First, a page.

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Alternative namesDisruptive or undesirable behavior in response to unmet needs or desires. Emotional outbursts when not allowed to do or have something that a child wants. Inability to control emotions due to frustration and difficulty expressing the particular need or desire.
Temper tantrums or "acting-out" behaviors are natural during early childhood development. As children learn to separate from their parents (that is, as they learn that they are separate beings), they have a normal and natural tendency to assert their independence. This desire for control often manifests as saying "no" often and having tantrums, which are compounded by the fact that the child may not have the vocabulary to adequately express his or her feelings.
Tantrums generally begin between the ages of 12 to 18 months, peak between 2 and 3 years, then decrease rapidly until age 4 after which they should be seldom seen. Being tired, hungry, or sick can make tantrums worse or more frequent. Make sure that your child eats and sleeps at his or her usual times. If your child no longer takes a nap, it is still important to have some quiet time. Lying down for fifteen to twenty minutes or resting with you while you read stories together at regular times of day can help prevent tantrums.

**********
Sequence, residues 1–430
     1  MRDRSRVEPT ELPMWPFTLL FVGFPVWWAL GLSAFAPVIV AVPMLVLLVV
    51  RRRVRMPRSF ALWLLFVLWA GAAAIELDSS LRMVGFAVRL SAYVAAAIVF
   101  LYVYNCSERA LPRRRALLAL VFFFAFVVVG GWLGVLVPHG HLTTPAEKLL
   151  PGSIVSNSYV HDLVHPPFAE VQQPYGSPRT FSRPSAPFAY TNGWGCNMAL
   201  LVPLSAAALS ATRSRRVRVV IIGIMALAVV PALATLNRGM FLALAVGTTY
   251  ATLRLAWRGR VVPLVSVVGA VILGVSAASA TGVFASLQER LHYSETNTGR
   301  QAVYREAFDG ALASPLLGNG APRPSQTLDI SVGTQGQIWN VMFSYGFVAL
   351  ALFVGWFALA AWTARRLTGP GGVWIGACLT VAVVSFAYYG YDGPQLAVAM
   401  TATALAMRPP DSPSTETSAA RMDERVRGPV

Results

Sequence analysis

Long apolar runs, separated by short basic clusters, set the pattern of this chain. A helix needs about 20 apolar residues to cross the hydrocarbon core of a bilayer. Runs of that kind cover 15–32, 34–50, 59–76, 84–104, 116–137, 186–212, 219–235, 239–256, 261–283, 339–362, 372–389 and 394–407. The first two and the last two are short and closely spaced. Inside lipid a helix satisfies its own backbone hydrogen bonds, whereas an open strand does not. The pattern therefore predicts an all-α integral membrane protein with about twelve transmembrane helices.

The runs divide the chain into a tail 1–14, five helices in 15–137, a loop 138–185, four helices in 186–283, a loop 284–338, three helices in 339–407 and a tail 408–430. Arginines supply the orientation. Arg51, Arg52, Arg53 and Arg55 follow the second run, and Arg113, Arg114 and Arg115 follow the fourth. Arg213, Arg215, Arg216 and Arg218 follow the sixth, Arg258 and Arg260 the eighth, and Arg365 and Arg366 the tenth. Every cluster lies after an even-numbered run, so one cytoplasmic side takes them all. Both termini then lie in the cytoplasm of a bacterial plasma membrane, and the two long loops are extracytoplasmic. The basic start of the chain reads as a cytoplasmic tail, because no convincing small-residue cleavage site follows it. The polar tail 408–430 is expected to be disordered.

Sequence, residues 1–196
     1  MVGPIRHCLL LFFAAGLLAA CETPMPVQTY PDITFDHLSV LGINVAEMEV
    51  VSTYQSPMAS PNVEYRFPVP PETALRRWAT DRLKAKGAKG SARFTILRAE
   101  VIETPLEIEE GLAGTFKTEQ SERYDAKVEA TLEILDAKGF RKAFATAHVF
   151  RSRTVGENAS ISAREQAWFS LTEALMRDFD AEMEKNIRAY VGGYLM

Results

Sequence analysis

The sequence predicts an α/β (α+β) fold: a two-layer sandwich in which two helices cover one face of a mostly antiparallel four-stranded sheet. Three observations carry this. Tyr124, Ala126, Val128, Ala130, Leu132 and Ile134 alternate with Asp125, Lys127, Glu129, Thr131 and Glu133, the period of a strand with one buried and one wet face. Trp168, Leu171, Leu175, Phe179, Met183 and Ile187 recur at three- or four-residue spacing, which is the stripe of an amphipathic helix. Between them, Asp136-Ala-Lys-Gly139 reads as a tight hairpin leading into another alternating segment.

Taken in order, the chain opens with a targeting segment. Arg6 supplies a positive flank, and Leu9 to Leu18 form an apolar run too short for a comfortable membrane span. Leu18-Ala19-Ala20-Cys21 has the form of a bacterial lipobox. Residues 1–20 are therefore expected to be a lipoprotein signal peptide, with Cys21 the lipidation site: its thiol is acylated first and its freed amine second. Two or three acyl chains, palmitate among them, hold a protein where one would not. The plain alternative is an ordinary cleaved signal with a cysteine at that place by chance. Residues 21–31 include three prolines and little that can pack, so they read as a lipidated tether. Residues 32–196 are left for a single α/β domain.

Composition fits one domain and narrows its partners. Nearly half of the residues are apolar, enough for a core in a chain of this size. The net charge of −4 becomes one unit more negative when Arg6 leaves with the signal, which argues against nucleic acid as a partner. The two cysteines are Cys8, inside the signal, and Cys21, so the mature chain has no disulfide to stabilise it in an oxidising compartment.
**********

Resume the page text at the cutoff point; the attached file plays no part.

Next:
When your child has a temper tantrum, it is important that you remain calm. It helps to remember that tantrums are normal -- they are NOT your fault, you are NOT a bad parent, and your son or daughter is NOT a bad child. Shouting at or hitting your child will only make the situation worse. A quiet, peaceful response and atmosphere, without "giving in" or breaking the rule that you just set, will reduce stress and make both of you feel better. Remember that children imitate behavior. You can also try gentle distraction to activities that they enjoy or try making a funny face. If you are not at home during a tantrum, try to carry your child to a quiet place like the car or a rest room, keeping him or her safe until the tantrum has ended.
Other methods to try to prevent tantrums include:
The American Academy of Pediatrics recommends that you call your pediatrician if:
Update Date: 1/12/2004Jacqueline A. Hart, M.D., Department of Internal Medicine, Newton-Wellesley Hospital, Boston, Ma., and Senior Medical Editor, A.D.A.M., Inc.
Last updated: Tue, 06 Jan 2009 00:20:03 GMT